Thanks for the shot of babies like ours. I am kind of worried about the one on the top of the screen. The other 2 have been up and moving and he is just lying there, looking around. I hope he is okay. Need to see some flapping wings or something. Maybe mom and dad will come to feed pretty soon and get him motivated.
Is the eaglet at the top okay. Emily asked about it yesterday and it doesn;t seem too well today.
He is up and eating right now. Will have to watch for more activity I guess. I just need more to worry about! :O)
It looks like he just ate pretty good, did his little poop-shooting business, stretched his wings out a little bit and then laid back down. At least all his parts are still working okay!!
Awesome pic! I love seeing close-ups,because it makes them seema little more 'real'. Thanks!
It looks like those 2 eagletts have bands on their legs? Am i correct in seeing that? Also if so what about their growth? Won't the bands get tight on their legs or do they stretch as they grow? They sure look fierce..lol Just looked and "OUR" Eagletts are sleeping, but before that they were cleaning themselves from being wet.
Don't worry about the bands. The eaglets' feet grom very quickly, and theses bands were likely put on after most of the growth occured. Karen our land manager tells me that most growth occurs in the first few weeks. Also, the band would probably come off before it injured the leg as it would bend open and drop off.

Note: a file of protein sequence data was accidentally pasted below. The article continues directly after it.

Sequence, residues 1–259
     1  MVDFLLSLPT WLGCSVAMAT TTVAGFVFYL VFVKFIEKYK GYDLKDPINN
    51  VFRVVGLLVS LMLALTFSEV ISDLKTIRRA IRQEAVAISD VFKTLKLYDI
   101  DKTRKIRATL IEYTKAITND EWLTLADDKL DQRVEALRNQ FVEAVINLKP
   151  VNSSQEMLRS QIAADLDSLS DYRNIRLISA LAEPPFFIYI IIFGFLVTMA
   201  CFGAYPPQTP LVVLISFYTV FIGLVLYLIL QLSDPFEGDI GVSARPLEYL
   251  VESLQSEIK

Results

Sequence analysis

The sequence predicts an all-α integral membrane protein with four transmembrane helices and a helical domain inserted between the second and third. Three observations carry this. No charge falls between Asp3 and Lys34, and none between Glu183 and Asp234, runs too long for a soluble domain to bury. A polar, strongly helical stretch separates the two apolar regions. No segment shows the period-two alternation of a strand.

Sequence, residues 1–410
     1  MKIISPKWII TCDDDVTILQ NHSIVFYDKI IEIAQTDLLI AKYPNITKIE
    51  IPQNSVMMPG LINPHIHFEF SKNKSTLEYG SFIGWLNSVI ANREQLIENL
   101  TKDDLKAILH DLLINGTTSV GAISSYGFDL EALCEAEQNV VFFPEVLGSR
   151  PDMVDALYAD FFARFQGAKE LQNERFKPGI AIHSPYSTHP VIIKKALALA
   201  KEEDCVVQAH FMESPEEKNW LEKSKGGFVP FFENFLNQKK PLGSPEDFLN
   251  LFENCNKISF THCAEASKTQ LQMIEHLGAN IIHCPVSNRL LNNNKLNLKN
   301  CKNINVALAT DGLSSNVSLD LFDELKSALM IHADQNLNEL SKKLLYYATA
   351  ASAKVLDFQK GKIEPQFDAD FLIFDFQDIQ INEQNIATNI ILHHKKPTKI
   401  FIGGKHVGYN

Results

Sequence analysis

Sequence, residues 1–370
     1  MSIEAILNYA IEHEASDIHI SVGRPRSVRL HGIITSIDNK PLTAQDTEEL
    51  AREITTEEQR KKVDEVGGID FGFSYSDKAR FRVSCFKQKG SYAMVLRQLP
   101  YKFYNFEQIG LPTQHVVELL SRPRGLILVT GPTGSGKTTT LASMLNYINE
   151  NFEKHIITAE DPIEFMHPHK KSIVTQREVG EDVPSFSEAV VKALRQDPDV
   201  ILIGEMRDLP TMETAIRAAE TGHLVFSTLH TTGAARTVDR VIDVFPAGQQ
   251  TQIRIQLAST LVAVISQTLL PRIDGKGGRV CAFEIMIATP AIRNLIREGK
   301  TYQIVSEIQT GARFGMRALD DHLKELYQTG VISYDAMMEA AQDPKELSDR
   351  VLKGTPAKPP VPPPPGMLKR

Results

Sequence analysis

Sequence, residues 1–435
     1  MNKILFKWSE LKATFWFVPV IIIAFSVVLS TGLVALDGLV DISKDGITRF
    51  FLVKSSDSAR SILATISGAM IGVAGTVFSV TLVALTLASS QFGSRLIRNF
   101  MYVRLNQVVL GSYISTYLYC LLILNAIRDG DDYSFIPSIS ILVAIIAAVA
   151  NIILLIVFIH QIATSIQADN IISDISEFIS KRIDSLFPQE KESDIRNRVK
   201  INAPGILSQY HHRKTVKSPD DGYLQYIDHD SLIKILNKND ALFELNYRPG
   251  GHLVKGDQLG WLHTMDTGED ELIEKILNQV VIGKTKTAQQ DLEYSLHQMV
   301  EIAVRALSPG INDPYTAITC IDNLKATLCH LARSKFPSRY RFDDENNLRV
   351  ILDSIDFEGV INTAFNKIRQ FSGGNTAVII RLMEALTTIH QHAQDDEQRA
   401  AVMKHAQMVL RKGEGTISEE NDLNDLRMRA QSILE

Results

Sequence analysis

Sorry about my horrific typing. it's "grow" not "grom" and "these" not "theses"
We forgive you for your typos Steven. I knew what you meant!! :)
Steve would you explain how they went about banding the eaglets? I can't imgine doing it when the parents are there, which they were when the eaglets were small and I would think that the eaglets would be a handful now. Just thinking of going up that tree gives me the willies.
Here's what I've been told:Bald Eagles are generally non-aggressive. If a biologist is going to band the birds, the hardest part may be figuring out how to get to the nest. Once that has been solved, the adults generally will back off, maybe make some noise, and leave the intruders alone. bent discusses this in his natural history on eagles. The young can't really run away or fly off, so getting a hold of them is fairly easy. For a professional, the process goes quickly and the stress on the critters is thus minimized. We did look into whether or not we should band our critters, and our regional eagle expert (one of the best in the world) said that it would be best if we just let them be, as we (the FWS) have enough banded eagles right now.
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